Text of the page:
Vin Chaud – Hot Spiced Wine
Sipping vin chaud is so romantic and so evocative of bustling, European street corners during winter. Whether you are at the Christmas market of Strasbourg or Paris, in a cozy chalet in the Alpes after a day on the slopes, or in your living room near the Christmas tree, vin chaud fills the air with its spice and warmth.
The Romans or the Greeks?
We have the hearty Greeks or perhaps the clever Romans to thank for vin chaud (history gives credit to both, but we do know that the Romans tended to copy…), for they all were convinced that adding spices and honey to wine, then heating and sipping it helped their digestion by gently warming them from the inside out. It also, we are led to believe, lent a warm glow to their festivities.
So-So Wine to Delicious Wine
During the Middle Ages in France when spices like cloves, cinnamon, and nutmeg were the cornerstones of commerce, and grape vines planted by the Romans were flooding the marketplace with wine (that needed a bit of help in both flavor and sweetness), vin chaud became the drink of winter, continuing to spread warmth and good cheer. Adding spices to wine was also a sign of wealth, and those who had and used them were the powerful. Then, vin chaud was called “hypocras” and was much sweeter and spicier than what we drink today, but surely no less comforting nor evocative of celebration.
The vin chaud tradition doesn’t belong solely to the French of course, for the Romans were everywhere on the European continent. There isn’t just one recipe either, for it adapts geographically, incorporating traditional, regional ingredients. Northern European countries, for example, have their own vin chaud traditions. In Sweden and Norway vin chaud is called glögg, and it includes aquavit, cardamom, cinnamon and cloves, raisins and almonds. Versions in Finland use spices to heighten the tart, fruity flavor of cranberry juice, or a blend of apple and black currant juices. The English have mulled wine which calls for, among other things, common garden herbs like bay leaves and rosemary.
Vin chaud is more than a holiday drink, though it is also a symbol of the holidays. But more than that, it rings in the chill of winter when we all want to be warm, cozy, perhaps a little fuzzy as we settle around the fire with those we love. Here at Dancing Tomatoes, we like our vin chaud lightly spiced and lightly sweet and we enjoy it with assorted holiday cookies in what is, to us, a perfect marriage of cultures.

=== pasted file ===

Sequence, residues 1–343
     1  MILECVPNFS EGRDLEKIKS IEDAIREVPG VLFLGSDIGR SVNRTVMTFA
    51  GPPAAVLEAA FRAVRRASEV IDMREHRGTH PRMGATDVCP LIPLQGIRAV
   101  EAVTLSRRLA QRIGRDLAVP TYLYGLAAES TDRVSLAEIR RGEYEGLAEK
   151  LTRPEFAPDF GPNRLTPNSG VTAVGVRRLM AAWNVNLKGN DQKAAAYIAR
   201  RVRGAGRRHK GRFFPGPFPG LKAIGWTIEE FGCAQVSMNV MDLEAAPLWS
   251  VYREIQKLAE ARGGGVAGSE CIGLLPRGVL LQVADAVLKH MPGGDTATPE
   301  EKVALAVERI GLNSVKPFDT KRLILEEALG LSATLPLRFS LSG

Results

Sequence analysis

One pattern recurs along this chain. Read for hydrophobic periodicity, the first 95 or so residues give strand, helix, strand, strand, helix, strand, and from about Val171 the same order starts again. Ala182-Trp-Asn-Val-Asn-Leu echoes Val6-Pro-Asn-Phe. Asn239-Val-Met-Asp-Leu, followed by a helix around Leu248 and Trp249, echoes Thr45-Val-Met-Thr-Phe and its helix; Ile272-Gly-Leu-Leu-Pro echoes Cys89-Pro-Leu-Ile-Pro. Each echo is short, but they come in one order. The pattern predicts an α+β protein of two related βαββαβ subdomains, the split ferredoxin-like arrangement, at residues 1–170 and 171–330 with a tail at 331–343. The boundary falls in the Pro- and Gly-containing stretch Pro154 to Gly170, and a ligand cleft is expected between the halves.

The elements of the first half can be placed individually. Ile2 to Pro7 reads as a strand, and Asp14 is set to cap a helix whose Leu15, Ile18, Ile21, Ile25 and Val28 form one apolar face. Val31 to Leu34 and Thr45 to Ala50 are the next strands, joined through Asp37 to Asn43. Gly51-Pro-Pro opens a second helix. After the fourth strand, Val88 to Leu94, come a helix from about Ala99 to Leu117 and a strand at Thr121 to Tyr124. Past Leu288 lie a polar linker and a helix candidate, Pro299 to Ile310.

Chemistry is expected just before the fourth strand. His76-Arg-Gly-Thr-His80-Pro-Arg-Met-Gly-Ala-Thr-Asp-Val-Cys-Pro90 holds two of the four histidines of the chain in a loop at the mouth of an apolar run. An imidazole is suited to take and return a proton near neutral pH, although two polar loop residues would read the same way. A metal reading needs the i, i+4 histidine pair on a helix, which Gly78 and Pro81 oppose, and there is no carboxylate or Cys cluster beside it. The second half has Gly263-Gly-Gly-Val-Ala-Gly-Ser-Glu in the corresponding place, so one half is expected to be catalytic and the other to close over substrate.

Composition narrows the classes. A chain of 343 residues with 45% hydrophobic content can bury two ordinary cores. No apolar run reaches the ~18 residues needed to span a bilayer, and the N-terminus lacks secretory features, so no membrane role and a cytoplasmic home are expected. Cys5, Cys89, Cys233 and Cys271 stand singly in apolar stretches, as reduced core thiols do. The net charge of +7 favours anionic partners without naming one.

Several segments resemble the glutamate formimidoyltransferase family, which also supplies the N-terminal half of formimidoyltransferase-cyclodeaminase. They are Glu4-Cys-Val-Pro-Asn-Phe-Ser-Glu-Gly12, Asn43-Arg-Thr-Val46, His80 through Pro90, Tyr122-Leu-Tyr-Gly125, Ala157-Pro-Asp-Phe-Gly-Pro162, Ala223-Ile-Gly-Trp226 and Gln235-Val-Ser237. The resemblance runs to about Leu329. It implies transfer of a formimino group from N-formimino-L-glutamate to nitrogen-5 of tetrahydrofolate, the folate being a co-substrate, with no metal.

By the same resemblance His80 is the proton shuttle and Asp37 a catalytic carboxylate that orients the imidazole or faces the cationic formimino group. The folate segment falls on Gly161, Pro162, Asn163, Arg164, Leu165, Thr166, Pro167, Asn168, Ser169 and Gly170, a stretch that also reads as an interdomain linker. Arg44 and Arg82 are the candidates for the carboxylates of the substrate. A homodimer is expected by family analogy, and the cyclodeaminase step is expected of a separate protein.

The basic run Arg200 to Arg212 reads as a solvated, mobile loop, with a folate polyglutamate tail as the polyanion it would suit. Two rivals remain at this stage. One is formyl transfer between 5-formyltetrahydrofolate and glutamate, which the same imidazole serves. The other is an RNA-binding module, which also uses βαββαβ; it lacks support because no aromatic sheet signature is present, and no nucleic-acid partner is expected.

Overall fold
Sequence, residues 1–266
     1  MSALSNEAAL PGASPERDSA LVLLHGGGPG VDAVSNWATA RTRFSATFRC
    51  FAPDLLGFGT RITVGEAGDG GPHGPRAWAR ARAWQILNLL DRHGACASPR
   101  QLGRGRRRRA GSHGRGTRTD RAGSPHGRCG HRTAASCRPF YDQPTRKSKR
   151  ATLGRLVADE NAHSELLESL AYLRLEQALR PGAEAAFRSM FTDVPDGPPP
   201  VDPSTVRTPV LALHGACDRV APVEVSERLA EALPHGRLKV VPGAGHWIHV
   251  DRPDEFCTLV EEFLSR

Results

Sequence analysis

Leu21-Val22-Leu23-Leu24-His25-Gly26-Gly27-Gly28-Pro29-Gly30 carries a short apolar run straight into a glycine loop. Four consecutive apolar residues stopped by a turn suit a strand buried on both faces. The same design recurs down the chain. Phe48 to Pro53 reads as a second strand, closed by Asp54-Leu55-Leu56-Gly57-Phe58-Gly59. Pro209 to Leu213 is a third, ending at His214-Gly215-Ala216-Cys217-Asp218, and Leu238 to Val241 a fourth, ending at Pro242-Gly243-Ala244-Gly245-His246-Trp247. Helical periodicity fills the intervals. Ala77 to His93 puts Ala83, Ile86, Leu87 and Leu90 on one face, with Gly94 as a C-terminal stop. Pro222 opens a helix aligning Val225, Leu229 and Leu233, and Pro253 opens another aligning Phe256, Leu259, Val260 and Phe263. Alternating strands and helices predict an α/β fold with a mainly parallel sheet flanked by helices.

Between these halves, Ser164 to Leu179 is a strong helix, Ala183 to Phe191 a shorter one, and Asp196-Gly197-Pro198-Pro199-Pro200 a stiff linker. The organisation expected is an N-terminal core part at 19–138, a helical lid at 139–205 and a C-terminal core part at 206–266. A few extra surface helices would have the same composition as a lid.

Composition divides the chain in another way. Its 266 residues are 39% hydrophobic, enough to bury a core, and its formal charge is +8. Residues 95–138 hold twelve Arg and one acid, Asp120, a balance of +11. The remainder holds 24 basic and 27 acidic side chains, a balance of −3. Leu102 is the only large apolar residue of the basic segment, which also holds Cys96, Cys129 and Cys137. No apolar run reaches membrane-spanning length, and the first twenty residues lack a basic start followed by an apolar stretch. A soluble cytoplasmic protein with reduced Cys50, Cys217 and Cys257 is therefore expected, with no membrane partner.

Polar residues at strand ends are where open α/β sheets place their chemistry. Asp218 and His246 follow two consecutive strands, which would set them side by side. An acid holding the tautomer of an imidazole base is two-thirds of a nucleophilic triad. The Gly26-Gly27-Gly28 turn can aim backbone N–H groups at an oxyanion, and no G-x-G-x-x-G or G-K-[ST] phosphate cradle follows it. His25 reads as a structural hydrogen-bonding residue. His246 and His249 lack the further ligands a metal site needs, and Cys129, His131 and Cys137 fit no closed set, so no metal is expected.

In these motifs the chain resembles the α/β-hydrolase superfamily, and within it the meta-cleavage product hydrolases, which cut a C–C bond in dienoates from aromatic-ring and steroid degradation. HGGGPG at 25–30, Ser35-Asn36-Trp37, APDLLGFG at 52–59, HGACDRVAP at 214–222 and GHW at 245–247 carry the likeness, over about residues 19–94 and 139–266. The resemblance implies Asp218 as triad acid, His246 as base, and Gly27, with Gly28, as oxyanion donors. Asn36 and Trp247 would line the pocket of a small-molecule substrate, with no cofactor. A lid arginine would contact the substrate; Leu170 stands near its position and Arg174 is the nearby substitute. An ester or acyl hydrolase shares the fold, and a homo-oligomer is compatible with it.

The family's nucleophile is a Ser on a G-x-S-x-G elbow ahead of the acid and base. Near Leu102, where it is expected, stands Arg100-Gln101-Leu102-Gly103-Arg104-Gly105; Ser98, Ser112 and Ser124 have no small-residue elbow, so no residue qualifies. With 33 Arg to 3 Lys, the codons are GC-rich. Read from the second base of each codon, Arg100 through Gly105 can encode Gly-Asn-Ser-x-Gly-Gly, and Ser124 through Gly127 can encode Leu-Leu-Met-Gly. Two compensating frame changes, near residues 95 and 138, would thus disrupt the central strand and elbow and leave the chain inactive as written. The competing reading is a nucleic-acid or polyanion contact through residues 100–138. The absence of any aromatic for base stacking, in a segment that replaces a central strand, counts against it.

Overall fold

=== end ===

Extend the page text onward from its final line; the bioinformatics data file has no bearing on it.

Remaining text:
So, make your vin chaud according to your tastes, and serve Fiona’s favorite thumbprint cookie alongside!
- 1-1/4 cups;180g all-purpose flour
- 1/4 teaspoon fine sea salt
- 8 tablespoons;120g unsalted butter, at room temperature
- 1/2 cup;100g brown vanilla sugar
- 1 large large egg
- 1-1/2 teaspoons pure vanilla extract
- The white from 1 large egg
- 1 scant cup;140g pecans ground
- 1/3 cup;75ml red currant jelly
- Preheat the oven to 350 degrees F (180C). Line 2 baking sheets with parchment paper.
- Sift the flour and salt onto a piece of parchment paper. Whisk the egg white in a medium-sized bowl.
- Place the butter and the sugar in the bowl of an electric mixer fitted with the paddle attachment and mix until pale yellow and light, about 3 minutes. Add the whole egg and mix well then mix in the vanilla until thoroughly combined. Quickly add the dry ingredients, mixing just until combined.
- Using 1 tablespoon of dough, form a ball and place it in the whisked egg white. Roll it in the egg white until it is completely covered, then transfer it to the ground nuts. Roll it in the nuts until it is covered, then transfer it to the prepared baking sheet. Continue with the remaining dough, working with several balls of dough at a time then placing the cookies about ½-inch (1.25cm) apart on the prepared baking sheets. Bake in the oven for 5 minutes. Remove the cookies from the oven and, using your thumb or the end of a wooden spoon, make indentations in each cookie. Return to the oven and bake the cookies until they are deep golden, 12 to 15 more minutes. Remove from the oven and let cool.
- While the cookies are baking, melt the currant jelly over low heat, and keep it warm.
- When the cookies are nearly cooled, drop enough jelly into each indentation to just fill it. Let the cookies cool completely, and store them in a single layer in an air-tight container. They will keep for about one week. They freeze beautifully.
Vin Chaud a la Dancing Tomatoes
- 1 bottle red wine from the Languedoc or the Côtes du Rhône
- 2 tablespoons wildflower or other mild honey
- 2 star anise
- 5 pods cardamom, crushed
- 2 whole cloves
- 10 black peppercorns, preferably Tellicherry
- 1 cinnamon stick
- 1 clementine,preferably organic, cut in quarters, then in thin slices
- 1/2 lemon, preferably organic, cut in quarters, then in thin slices
- 1/2 orange, preferably organic, cut in quarters, then in thin slices
- 1/3 cup; 50g almonds, thinly sliced
- 1. Pour the wine into a medium-sized saucepan.
- 2. Add the remaining ingredients, and bring to a simmer over medium heat. Continue heating until the aroma of the wine and the spices fills the kitchen and the wine is steaming, which will take 10 to 15 minutes. Do not let the mixture boil.
- 3. Divide the almonds among 8 glasses or small mugs . Pour equal amounts of the wine into the glasses. Place several pieces of citrus in each glass or mug, and serve immediately.